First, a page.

Today at HTC’s Vive Developer Meeting in Beijing and its simultaneous Shanghai-based Vive Ecosystem Conference, Chinese eye-tracking startup 7invensun debuted a new eye-tracking module that’s not only affordable at $150 (¥1100 RMB), but is designed to support all of HTC’s VR headsets, past and present.
Called Droolon F1, 7invensun’s new eye-tracking module was primarily announced to target the company’s upcoming Vive Cosmos, the inside-out tracked PC VR headset arriving on October 3rd for $700.
However, as an official product partner with HTC, 7invensun says that Droolon F1 will also be compatible with the original Vive, Vive Pro, Vive Focus, and Vive Focus Plus.
There isn’t any official information out there in English yet, although according to Chinese publication CNW (Chinese), Droolon F1 connects to the VR headset via USB and uses its USB port to provide dual-eye sync data. The standard version, CNW reports, has a sampling rate of 120 Hz, but can be customized to run at 240 Hz.
At the time of this writing, neither 7invensun nor HTC have mentioned what countries it intends on supporting at Droolon F1’s launch, however the $150 USD price was unveiled onstage at the enterprise-focused Shanghai event which points to a probable offering outside of China. Pre-orders are said to begin sometime in November with shipping taking place in December.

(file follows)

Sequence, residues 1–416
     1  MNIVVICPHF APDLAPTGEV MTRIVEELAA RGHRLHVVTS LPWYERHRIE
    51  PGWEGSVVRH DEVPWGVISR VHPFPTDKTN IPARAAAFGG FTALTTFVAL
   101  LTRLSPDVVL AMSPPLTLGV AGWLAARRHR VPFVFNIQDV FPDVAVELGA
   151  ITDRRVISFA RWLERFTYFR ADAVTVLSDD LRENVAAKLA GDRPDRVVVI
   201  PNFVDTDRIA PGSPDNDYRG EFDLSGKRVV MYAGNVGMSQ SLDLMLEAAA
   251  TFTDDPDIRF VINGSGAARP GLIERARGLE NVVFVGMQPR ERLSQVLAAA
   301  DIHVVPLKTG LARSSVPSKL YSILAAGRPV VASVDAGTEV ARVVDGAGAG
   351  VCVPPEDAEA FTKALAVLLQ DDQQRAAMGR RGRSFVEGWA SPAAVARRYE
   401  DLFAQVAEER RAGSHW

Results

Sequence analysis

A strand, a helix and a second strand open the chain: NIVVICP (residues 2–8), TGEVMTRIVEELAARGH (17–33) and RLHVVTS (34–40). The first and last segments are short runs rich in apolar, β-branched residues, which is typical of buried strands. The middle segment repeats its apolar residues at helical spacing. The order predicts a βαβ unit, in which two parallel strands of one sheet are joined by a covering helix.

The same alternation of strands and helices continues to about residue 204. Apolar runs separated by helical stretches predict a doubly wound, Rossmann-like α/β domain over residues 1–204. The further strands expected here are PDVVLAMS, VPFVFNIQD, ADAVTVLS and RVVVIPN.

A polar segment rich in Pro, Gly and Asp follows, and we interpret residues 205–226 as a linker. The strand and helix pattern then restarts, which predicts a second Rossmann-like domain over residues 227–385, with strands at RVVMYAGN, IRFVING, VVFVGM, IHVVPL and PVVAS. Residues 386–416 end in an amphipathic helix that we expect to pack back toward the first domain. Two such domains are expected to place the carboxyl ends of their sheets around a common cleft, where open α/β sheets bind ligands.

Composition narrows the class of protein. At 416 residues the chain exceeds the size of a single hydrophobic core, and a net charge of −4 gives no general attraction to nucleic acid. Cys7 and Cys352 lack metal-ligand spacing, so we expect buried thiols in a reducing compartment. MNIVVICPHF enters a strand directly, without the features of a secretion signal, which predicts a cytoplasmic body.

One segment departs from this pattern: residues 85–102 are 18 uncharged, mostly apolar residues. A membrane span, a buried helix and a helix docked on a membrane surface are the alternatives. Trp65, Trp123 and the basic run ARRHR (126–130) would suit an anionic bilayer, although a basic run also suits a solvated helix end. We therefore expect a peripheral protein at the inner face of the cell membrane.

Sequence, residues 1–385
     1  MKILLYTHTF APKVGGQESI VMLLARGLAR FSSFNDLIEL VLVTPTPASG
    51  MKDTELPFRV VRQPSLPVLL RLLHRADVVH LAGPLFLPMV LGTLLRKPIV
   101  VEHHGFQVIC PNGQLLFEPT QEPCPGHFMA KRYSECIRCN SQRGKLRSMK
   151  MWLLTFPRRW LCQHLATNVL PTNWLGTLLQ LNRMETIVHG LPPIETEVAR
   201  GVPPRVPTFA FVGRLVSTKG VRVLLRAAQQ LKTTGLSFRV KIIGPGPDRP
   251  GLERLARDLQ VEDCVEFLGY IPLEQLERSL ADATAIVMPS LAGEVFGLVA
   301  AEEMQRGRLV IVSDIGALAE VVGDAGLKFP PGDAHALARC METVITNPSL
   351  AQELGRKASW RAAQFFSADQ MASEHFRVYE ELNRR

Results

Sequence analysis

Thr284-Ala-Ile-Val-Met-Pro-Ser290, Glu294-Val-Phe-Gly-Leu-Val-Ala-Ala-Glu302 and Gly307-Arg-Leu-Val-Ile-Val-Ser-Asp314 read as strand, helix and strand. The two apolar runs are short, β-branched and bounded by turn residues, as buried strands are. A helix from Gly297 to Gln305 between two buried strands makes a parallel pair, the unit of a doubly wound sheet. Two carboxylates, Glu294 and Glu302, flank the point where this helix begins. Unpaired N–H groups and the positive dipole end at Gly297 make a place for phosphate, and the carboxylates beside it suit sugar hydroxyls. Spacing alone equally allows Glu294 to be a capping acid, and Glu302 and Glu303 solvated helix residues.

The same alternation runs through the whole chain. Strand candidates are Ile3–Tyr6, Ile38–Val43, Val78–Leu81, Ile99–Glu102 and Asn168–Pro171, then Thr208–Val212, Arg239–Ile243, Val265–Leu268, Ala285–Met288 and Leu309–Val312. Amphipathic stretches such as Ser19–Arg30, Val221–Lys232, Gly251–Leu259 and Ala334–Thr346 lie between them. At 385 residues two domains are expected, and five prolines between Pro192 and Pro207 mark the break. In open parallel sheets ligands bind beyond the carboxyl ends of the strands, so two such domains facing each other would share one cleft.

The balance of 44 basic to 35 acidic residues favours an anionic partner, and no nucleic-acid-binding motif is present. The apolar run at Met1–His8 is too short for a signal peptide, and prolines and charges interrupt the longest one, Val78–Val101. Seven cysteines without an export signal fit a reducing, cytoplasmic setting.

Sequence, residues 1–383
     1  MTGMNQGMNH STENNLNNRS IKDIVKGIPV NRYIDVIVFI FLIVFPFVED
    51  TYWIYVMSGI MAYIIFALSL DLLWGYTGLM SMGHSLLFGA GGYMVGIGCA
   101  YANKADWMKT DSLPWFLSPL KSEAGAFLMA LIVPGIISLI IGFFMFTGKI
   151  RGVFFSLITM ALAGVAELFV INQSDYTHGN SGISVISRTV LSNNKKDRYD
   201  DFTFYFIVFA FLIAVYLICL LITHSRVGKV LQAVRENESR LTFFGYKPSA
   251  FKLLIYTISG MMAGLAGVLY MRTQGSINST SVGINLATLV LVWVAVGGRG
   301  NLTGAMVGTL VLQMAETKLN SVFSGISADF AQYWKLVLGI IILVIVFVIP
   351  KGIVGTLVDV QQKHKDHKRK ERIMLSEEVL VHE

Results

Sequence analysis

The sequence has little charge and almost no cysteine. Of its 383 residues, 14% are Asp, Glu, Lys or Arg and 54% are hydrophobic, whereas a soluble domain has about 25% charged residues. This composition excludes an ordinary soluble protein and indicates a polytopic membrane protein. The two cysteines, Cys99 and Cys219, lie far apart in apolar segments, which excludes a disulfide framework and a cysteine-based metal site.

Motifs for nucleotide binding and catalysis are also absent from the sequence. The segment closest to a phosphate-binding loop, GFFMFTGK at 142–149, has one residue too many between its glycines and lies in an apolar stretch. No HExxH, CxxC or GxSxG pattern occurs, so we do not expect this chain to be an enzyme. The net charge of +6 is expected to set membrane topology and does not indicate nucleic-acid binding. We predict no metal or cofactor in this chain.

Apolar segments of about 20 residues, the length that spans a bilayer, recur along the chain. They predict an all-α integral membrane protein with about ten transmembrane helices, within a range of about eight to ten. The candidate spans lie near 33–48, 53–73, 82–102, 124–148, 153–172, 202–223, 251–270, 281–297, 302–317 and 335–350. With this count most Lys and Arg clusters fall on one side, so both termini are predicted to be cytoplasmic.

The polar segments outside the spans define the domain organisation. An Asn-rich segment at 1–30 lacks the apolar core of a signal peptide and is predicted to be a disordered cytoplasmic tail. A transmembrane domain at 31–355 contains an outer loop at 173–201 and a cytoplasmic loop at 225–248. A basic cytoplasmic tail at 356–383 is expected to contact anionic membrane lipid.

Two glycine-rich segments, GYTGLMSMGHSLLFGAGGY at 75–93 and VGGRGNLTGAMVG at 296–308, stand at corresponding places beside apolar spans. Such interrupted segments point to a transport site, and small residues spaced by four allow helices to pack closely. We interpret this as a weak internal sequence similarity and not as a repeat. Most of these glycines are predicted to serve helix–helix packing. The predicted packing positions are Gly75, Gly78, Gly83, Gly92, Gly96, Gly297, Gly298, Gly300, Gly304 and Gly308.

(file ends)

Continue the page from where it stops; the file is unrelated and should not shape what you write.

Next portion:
Unlike 7invensun’s previous aGlass modules, which used its own proprietary eye-tracking API, Droolon F1 is said to use HTC’s official eye-tracking API, SRanipal SDK. This essentially allows developers to target both Droolon F1 and Vive Pro Eye, HTC’s enterprise-focused headset with integrated eye-tracking.
The size of the module is also said to be smaller in comparison to the company’s previous eye-trackers, weighing in at only 60g (~2.1 oz). It’s said to feature a more convenient assembly, taking a purported three-minutes of setup time.
7invensun initially launched its first aGlass module (DK1) for HTC Vive at the end of 2016, and later released the second iteration in 2017. Shortly afterwards, the company was accepted into HTC’s second batch of Vive X accelerator, which provided the company financial investment and mentorship. One short year later, the 7invensun confirmed aGlass DK2’s compatibility with Vive Pro.
As with its previous products, Droolon F1 is being targeted at developers. Current apps and games can’t make ready use of eye-tracking without being created specifically for the task, although the low price point may prove tempting to not only a wide array of developers, but (ultra) early adopters who want to experience the first experiences made specifically with eye-tracking in mind.
If you want to learn about eye-tracking and its many uses, check out our deep dive article on why eye-tracking is a game changer for VR.